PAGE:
Irredeemable Vol 1 interior 3

Collects: Irredeemable #1-4.

Best Character: The Plutonian.

Best Line Of Dialogue/Caption:  “Choose ten.”- The Plutonian.

Best Scene/Moment:  The Plutonian provides a test for his greatest villains – Issue 3.

Best Issue:  Issue 4.  It’s hard to pick the best issue out of the four present in the first volume.  Each issue is packed with awful moments (and I mean that in a positive way as that’s largely what Waid is trying to achieve, awful moments from an amazing hero) but issue 4 takes the brutal piece of the cake, chucks it against the ground, runs over it with a lawnmower, and then laughs while it watches as you try to you pick it up.  If Superman ever did anything like what the Plutonian does in this issue the world would surely riot.  But with this issue of Irredeemable you just watch in horror, believing that no hero should ever do what The Plutonian does.  It’s a sick, shocking issue that is only heightened by the cold demeanor of our hero turned villain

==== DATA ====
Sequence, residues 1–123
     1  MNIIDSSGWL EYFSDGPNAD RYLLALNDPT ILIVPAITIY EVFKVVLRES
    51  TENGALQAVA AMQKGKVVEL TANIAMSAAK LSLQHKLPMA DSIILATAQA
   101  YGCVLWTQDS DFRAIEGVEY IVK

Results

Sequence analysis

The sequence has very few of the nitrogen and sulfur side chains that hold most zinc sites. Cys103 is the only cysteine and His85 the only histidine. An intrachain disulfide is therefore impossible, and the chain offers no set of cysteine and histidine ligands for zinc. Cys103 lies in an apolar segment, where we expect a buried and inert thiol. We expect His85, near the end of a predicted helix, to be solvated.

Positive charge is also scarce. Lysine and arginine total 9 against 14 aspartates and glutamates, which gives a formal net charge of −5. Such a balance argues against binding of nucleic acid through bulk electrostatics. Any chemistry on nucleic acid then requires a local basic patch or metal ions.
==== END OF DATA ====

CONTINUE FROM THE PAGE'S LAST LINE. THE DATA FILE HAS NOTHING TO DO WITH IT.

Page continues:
Why You Should Read It:  Irredeemable manages to subvert the superhero genre in ways that have been done before but never to this compelling of a degree.  Waid takes a character that should be a Superman knock off and quickly makes you forget that he’s fulfilling that character archetype because of how villainous he makes him.  You see “heroes gone bad” stories all the time.  Spidey got a brain swap, Hal Jordan went insane, even Tony Stark is inverted nowadays but you know all those heroes go back at one point or another and they will be redeemed somehow.  With Irredeemable there is no going back because at the core of the story is the question “How far must a hero go to become Irredeemable?”.  Mark Waid gets off to a great start in answering that question here in this first volume.